Bradley Cooper: To Wear Even More Trash Bags If It’ll Land Him An Oscar
Proving you are more than just a pretty face in Hollywood is never easy, especially if you happen to be as pretty as Bradley Cooper. In 2012, however, one trip into bipolar disorder — and one very unflattering wardrobe choice — may just have pushed him over the edge into fully legit actor territory. His character in David O. Russell’s Silver Lining Playbooks dealt with his psychological demons, in part, by regularly jogging while wearing a trash bag sweat suit. If the Hefty hijinks actually succeed in landing Cooper on the list of Best Actor nominees, expect plenty more garbage chic workout attire in all his future roles.
Damon Lindelof: To Proofread Scripts Before Handing Them In
Prometheus began 2012 as one of the year’s most promising movies, and ended up as one of its biggest disappointments. The return to the Alien universe was packed to the gills with plot holes that ate through our enthusiasm like xenomorph blood through the hull of the Nostromo. Not to beat a dead cartographer, but how does the character in charge of mapping the temple, who has the benefit of 3D imaging and communication with a ship full of people who can also see the layout, get himself lost? In the future, screenwriter Damon Lindelof resolves to make at least take a second glance at his scripts before sending them in to the studio.
Peter Jackson: To Make Six More Lord Of The Rings Films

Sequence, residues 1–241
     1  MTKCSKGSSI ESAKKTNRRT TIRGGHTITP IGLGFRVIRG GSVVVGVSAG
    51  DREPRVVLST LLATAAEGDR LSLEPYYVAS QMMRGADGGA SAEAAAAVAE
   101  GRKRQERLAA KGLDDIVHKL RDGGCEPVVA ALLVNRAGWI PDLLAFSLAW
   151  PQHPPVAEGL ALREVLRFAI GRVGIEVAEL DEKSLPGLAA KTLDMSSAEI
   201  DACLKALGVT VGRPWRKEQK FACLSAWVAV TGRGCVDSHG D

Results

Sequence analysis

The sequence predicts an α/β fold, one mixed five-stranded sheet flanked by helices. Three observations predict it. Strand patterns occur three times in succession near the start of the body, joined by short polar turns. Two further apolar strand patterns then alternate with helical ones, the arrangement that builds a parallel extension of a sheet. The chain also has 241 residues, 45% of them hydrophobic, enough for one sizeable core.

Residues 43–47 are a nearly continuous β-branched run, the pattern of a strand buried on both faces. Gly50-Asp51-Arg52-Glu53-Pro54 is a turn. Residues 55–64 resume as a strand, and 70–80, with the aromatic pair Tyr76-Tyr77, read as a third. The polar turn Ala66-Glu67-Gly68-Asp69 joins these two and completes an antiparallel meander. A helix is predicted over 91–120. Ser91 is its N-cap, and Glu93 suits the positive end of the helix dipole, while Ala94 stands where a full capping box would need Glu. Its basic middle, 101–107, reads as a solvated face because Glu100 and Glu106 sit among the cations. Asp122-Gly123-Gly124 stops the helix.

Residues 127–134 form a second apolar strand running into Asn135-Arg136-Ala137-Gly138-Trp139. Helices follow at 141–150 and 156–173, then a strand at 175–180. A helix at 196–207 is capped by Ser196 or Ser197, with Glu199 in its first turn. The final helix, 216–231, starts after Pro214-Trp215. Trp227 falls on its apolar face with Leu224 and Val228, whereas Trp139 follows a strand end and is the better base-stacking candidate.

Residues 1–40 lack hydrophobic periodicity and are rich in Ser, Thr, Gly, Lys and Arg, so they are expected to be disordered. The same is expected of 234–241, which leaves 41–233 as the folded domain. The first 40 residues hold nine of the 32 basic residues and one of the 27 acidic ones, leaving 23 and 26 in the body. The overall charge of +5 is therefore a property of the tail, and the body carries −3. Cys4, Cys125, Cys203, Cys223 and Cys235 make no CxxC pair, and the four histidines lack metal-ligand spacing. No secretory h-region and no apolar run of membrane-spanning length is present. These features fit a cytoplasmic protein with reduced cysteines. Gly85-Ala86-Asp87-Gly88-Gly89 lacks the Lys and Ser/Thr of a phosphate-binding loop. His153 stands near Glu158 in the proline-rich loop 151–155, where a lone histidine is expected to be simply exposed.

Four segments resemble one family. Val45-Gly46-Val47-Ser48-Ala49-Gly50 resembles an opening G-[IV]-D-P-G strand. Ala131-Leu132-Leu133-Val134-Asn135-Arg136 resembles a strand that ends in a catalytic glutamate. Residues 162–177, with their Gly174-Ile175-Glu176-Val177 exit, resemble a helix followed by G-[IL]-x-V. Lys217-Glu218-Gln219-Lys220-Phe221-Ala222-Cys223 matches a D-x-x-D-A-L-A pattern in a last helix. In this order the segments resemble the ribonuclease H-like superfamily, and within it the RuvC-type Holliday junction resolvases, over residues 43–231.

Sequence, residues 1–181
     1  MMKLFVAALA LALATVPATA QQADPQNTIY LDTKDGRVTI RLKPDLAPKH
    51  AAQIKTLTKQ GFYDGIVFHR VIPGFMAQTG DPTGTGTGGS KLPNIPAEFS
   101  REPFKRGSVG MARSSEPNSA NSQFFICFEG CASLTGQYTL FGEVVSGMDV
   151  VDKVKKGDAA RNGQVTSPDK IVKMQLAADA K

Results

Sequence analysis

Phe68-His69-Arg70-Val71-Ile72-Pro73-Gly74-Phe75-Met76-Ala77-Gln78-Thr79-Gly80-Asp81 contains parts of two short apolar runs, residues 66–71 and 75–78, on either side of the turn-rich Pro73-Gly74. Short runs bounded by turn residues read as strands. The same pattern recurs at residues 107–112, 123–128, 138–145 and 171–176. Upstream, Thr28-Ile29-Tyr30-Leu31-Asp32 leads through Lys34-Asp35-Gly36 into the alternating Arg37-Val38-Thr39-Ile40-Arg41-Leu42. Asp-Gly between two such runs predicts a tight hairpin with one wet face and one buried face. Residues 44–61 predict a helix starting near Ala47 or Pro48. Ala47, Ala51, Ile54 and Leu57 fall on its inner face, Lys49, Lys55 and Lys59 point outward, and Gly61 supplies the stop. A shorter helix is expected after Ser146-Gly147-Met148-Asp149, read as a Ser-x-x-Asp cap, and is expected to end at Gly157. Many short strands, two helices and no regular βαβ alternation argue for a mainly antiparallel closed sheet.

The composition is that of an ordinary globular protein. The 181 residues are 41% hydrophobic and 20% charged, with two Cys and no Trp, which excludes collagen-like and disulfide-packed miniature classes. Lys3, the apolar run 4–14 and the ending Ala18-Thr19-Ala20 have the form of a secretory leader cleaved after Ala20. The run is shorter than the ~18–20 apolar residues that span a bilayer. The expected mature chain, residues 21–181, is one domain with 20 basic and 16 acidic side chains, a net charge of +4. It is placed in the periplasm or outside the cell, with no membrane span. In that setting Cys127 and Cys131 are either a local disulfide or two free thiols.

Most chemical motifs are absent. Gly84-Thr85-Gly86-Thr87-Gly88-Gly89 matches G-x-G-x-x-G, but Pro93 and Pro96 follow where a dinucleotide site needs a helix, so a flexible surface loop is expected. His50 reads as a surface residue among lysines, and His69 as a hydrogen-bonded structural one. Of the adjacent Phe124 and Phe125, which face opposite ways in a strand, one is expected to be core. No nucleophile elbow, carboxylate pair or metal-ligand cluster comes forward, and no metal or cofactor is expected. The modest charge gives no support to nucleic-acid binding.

Remember when Peter Jackson wasn’t going to make The Hobbit? And then when he was only making one Hobbit movie? And then just two? Terrified to leave the comfortable confines of Middle Earth, Jackson may in fact never stop making films based in The Lord of the Rings universe. It may take some creative license, i.e. incorporating elements of other fantasy properties like Game of Thrones into Tolkien’s stories and hoping no one notices, but if he plays his cards right, Jackson may be able to squeeze one or two more trilogies out of the deal. There may even be one film completely devoted to Gandalf’s first year at Hogwarts. Wait...[Photo credit: Columbia Pictures]
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Widening the thematic scope without sacrificing too much of the claustrophobia that made the original 1979 Alien universally spooky Prometheus takes the trophy for this summer's most adult-oriented blockbuster entertainment. The movie will leave your mouth agape for its entire runtime first with its majestic exploration of an alien planet and conjectures on the origins of the human race second with its gross-out body horror that leaves no spilled gut to the imagination. Thin characters feel more like pawns in Scott's sci-fi prequel but stunning visuals shocking turns and grand questions more than make up for the shallow ensemble. "Epic" comes in many forms. Prometheus sports all of them.